In December 2017, I published 10 Foreign Exchange Predictions for 2018. Now that 2018 has come to a close, it is time for me to grade myself! Overall, I’m giving myself an A-, only receiving two bad grades!
- Bitcoin: the truth will be told. Grade = A
Bitcoin is now trading at $3,800, about 75% of its value from a year ago!
My contention was that once the CME and Cboe launched bitcoin futures, making it possible to short bitcoin, we would find the “true” value of Bitcoin and that the value would be significantly less than it was then. On the day I wrote the blog post (mid-December 2017) bitcoin closed at $13,657. Was the fall fueled by short positions? That is hard to tell but I’ll take the credit anyway!
An economic research paper from the Federal Reserve Bank of San Francisco appears to reinforce the view that the correlation is more than coincidence and that there was causation.
As a related aside, Harvard University Professor Kenneth Rogoff refers to the long history of private currencies and reminds us that “what the private sector innovates, the state eventually regulates”. There is indeed a long history of private currencies becoming mainstream and eventually being adopted or copied by the state, in one form or another. Is that how crypto-currencies eventually become mainstream?
- Major Prime of Primes will become increasingly innovative. Grade = B+
The difficulty here is in trying to quantify this trend. I am really reflecting the new innovations that walk through our doors at MarketFactory. Many centre around greater cross-margining and a moving the prime businesses into the clearing businesses at the banks for greater synergy.
- Asset managers will hedge more actively. Grade = A
As well as the quantitative, public indicators, we can point to the increasing range of asset managers that make enquiries, attend FX conferences and become MarketFactory customers. On this last point, we do expect to on-board new asset managers at an increasing rate concurrent with the roll out of Whisperer Enterprise, our FX API for trading all product types.
- Central limit order books (CLOBs) will enjoy increased volumes. Grade = A
CLOBs have indeed increased volumes. Some of the largest banks have favoured disclosed venues. However, the entry of new customers to the market using bank supplied, home grown or independent vendor algos has more than made up for some large bank preferences.
- Last look will not die. Grade = A
Yes, last look hold times are shorter than a year ago, as shown in the September paper published by EBS: “The FX Global Code: changing transparency and behaviour”. However, we should expect reductions in hold times given increased scrutiny on conduct, as highlighted in the paper but also because of technology advances.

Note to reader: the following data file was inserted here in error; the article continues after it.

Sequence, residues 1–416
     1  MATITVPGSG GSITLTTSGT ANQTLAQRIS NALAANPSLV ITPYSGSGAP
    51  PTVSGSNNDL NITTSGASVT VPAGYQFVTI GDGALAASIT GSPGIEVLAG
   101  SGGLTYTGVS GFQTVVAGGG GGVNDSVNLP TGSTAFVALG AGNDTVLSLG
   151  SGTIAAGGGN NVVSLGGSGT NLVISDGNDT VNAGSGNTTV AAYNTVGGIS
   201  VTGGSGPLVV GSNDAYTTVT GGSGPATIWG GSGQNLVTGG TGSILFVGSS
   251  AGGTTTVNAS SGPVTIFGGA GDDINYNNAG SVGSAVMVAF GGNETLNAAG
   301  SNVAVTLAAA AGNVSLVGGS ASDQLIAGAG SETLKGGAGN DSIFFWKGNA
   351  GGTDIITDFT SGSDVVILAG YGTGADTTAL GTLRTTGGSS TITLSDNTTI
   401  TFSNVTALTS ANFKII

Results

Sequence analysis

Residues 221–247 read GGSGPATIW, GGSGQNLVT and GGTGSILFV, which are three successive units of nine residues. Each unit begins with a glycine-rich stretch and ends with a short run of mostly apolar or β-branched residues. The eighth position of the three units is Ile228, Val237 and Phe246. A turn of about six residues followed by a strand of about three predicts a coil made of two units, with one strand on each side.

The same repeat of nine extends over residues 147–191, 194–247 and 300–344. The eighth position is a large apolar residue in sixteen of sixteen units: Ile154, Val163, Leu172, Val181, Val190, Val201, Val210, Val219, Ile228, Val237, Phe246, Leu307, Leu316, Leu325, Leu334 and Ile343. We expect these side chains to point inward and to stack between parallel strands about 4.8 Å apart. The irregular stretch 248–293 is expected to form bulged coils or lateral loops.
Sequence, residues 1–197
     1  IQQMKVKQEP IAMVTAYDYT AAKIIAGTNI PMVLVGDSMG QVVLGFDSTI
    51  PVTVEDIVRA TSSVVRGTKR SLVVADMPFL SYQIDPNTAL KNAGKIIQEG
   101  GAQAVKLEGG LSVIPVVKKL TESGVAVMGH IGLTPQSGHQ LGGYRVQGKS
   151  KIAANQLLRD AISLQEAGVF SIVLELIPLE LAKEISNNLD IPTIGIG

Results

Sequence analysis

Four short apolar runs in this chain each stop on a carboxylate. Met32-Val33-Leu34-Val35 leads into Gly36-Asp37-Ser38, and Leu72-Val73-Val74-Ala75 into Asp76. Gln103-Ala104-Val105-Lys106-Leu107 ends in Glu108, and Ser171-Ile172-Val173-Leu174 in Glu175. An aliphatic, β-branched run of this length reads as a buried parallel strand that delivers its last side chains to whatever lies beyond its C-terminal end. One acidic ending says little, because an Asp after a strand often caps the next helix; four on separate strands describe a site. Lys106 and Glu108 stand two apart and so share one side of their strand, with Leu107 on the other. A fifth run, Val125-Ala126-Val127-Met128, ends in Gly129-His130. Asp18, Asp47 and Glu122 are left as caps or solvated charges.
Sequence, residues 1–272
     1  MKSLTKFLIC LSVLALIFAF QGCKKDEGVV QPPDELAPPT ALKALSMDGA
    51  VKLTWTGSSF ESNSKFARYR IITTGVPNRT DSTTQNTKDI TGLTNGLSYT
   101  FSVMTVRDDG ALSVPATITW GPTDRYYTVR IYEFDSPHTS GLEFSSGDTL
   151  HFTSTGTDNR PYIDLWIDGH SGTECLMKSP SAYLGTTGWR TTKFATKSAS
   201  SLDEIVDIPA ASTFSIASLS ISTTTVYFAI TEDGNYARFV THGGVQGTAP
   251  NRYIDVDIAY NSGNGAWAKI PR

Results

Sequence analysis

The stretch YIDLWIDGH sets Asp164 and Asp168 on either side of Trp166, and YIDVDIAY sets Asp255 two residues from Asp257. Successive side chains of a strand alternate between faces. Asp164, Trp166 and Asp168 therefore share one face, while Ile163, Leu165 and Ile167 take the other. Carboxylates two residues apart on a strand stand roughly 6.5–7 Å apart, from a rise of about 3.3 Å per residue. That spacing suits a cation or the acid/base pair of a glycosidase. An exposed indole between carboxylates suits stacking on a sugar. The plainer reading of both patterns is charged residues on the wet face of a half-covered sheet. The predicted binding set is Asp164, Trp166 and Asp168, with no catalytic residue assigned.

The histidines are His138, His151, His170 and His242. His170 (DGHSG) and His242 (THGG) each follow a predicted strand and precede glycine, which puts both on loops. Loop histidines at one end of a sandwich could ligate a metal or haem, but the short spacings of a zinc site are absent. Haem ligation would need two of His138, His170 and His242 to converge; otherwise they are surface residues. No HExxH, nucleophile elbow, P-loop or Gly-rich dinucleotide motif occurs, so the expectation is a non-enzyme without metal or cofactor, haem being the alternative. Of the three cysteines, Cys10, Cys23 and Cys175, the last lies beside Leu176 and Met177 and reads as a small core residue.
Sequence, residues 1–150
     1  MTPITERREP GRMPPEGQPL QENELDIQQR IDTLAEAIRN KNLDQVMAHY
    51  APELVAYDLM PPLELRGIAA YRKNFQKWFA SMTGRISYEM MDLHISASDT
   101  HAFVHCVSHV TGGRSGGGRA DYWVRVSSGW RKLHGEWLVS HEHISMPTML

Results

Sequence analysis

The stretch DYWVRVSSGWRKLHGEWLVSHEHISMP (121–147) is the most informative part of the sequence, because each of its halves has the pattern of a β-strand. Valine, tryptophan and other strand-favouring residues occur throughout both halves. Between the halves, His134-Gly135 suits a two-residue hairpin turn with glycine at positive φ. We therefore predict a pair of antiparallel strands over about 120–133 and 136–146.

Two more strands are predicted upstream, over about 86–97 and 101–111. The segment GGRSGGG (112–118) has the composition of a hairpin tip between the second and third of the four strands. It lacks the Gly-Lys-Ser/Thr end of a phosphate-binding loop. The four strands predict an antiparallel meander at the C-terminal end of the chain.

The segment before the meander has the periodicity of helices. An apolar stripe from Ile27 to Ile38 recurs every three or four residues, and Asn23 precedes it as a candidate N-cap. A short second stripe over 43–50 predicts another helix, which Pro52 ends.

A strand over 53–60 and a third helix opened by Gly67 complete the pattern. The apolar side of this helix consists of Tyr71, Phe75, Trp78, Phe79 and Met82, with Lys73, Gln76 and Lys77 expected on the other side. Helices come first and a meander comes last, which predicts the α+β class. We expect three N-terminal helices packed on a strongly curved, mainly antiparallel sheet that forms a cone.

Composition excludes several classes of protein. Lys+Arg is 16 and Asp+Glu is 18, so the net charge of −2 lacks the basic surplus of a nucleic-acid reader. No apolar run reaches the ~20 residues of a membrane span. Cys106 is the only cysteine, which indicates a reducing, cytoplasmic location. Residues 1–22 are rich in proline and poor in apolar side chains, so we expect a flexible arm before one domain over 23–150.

- The market will continue to fragment. Grade = A
The market continues to fragment and does so in even more directions. The July Bank of England six monthly volume reports showed how the market is fragmenting with more instruments being traded, with particular growth in NDFs.
- Discontinuities or flash events that are impactful will become more common. Grade = C
Some emerging markets did experience dislocations. One reason that this happens is that some market participants regard all, or a substantial proportion, of emerging markets as a single category. Once they pull orders from one currency pair, they may do so for all emerging markets.
- Pre-trade risk management will become the norm. Grade = B
Yes, increasingly prime brokers are mandating pre-trade risk management by default.
I realize we are talking our own book here with Reflector. The case is hard to argue against: better protection against broken limits and, and far worse, runaway algos. A pre-trade risk tool reduces risk and, over time if not immediately, enables market participants to benefit from higher risk limits.
- The market will seek alternatives to fixings. Grade = D
I cannot point to a solution yet, and this may be a more strategic goal. There must be a better way, there has to be.
- The Global Code of Conduct will be adopted widely. Grade = A
There are 631 statements of commitment listed on the public registers with others who have signed statements of commitment, but have chosen not to list on public registers.
The Code has been adopted well beyond market expectations and is bringing clarity to which market practices are good practices and others that are not so. It has been extraordinary to see how the market has pulled together to address its own difficulties and to clarify conduct through a set of principles. Furthermore, it has been accomplished through a unique partnership between the private and public sectors. Of course, the work continues. I am very proud to have co-chaired the Examples Working Group for the Global Code.
To speak to James Sinclair about his predictions and the FX market in general, email firstname.lastname@example.org.